Asia

Bangladesh Police Arrest Eight in Trafficking Crackdown After Boat Tragedy

By Muktadir Rashid   13 February 2020

DHAKA—Bangladesh police have arrested eight people including Bangladeshis and Rohingyas in a fresh crackdown against human traffickers in Teknaf subdistrict of Cox’s Bazar following Tuesday’s sinking of a Malaysia-bound fishing trawler that killed 15 Rohingya women and children who had been living in camps in the district, which is home to hundreds of thousands of refugees.

Cox’s Bazar deputy police chief Iqbal Hossain vowed that authorities would “get tough” against suspected human traffickers, and said more action would be taken in the coming days.

“We launched [the crackdown] in all upazilas [sub-districts] in the district yesterday [on Wednesday] and will continue,” Iqbal told The Irrawaddy.

The district police headquarters said on Thursday morning that at least 15 Rohingya refugees—one male, 11 women and three children—were killed and 110 were rescued early Tuesday after the fishing boat capsized off the coast of St. Martin’s Island in the Bay of Bengal en route to Malaysia from Cox’s Bazar.

Iqbal said that so far, four of the 15 bodies had been identified and returned to the families for burial.

He said the remaining bodies had been handed over to a national charity after DNA was collected from them for profiling.

Police investigators arrested Syed Alom, 28, Mohammad Aziz, 30, Mohammed Karim, 40, and Foyez Ahmed, 50, all residents of Noakhalipara in Baharchhara union of Teknaf; Saddam Hossain, 24, and Mohammed Rofik, 29, of Jumma Para; Mohamed Osman of Balukhali Rohingya camp; and Humayun Kabir, 23, of Bazarpara, in the district.

All eight suspects were named in a First Information Report (FIR) filed by Bangladesh Coast Guard contingent commander MS Islam with Teknaf police station on Wednesday.

In the FIR, the Coast Guard official stated that at least three fishing trawlers were used to transport Rohingyas to Malaysia from the Noakhalipara coast on Monday night, and one of them capsized due to being “overloaded”.

According to the FIR, the Rohingyas on board were from various Rohingya camps in Ukhia and Teknaf sub-districts.

The Prothom Alo reported on Wednesday that over 500 trafficking middlemen were active in the 34 Rohingya camps, many of them trying to lure Rohingya women to Malaysia with a promise of better living conditions.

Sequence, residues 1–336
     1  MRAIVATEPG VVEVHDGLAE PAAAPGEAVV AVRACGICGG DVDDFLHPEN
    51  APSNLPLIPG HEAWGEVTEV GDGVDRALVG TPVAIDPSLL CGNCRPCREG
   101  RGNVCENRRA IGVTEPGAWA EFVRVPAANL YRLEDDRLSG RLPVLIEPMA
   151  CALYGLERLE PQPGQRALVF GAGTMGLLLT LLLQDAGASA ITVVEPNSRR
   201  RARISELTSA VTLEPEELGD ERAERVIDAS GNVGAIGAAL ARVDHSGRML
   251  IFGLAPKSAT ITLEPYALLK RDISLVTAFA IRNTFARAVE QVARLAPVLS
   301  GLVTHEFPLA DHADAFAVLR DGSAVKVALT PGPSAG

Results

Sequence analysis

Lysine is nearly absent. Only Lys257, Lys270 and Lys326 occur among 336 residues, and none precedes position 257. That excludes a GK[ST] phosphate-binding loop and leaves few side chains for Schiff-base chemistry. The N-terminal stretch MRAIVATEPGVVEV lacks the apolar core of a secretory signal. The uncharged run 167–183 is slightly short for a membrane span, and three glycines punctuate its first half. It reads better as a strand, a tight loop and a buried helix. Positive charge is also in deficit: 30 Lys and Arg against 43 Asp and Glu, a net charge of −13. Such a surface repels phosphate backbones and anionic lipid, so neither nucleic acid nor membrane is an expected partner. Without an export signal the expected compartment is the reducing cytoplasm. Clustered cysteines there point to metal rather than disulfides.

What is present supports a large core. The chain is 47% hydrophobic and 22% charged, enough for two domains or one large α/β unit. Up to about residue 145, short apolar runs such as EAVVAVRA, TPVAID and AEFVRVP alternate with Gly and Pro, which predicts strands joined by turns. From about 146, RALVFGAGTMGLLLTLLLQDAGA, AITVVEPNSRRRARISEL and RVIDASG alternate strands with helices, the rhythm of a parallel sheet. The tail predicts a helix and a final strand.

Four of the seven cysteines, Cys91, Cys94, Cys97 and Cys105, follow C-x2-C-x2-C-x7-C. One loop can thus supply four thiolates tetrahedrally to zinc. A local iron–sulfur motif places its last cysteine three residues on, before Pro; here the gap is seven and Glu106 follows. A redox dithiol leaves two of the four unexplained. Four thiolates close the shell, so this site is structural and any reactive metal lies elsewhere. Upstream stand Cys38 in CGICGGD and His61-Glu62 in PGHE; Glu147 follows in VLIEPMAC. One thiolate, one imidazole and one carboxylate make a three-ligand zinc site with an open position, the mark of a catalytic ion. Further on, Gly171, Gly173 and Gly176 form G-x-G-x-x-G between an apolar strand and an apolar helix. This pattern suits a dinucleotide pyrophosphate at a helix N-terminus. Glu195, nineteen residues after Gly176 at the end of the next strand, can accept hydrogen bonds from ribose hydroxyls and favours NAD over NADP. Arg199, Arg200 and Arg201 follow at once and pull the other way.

Md Mahbub Alam Talukder, chief of the Cox’s Bazar Office of the Refugee Relief and Repatriation Commissioner (RRRC), voiced concern over the situation, saying Rohingyas desperate to travel via the sea route were falling prey to “frauds” from host community.

He said his organization was trying to educate the Rohingya population of the dangers, while encouraging law enforcement to remain vigilant against traffickers.

Coast Guard officials said one of the survivors of Tuesday’s tragedy, Anowara of the Kutupalong camp in Ukhia, boarded the trawler with her three children hoping to join her husband, who lives in Malaysia.

Anowara lost two of her three children when the boat capsized and sank, the officials said.

Rohingya community leader NH Rabbi said the tragedy was the result of the “shutdown of networks, restrictions from every opportunity including of higher education, no liabilities, no justice, more discrimination by authorities and NGOs, less security and less income sources, no proper treatment and lack of accountability… among others. Wait and see [what happens] in the next six months.”

In a joint statement, two UN bodies—the International Organization for Migration and UNHCR, the UN’s refugee agency— said they were closely liaising with Bangladeshi first responders.

“Irregular boat movements are not new to the Cox’s Bazar district, as both Rohingya refugees and Bangladeshis risk the unsafe journey to travel abroad due to compelling circumstances. Recognizing the dangers they face at sea, the UN has been working with government authorities to raise awareness among refugees and local people on the risks they may face,” the statement said.

It said, “The UN is also supporting the strengthening of law enforcement capacities to address smuggling and trafficking and to protect those most at risk. Support is also available in the district to trafficking survivors.”

Dhaka-based daily newspaper Prothom Alo reported that in the past year, 796 Rohingyas and two Bangladeshis have been rescued from boats that ran into trouble while bound for Malaysia.

Cox’s Bazar District Court public prosecutor Faridul Alam told The Irrawaddy that despite the ongoing operations against people smugglers, demand for travel was high among Rohingya refugees trying to reach relatives in Malaysia.

They were using different routes to this end, said the public prosecutor, adding that at least 637 human trafficking cases had been filed between 2012 and January 2020.

Of those, 621 cases were pending trial, the court official said.

Iqbal Hossain, the deputy police chief, said authorities would launch a crackdown on human traffickers, adding that police had obtained the identities of suspected traffickers from survivors of previous incidents and other suspects now in custody.

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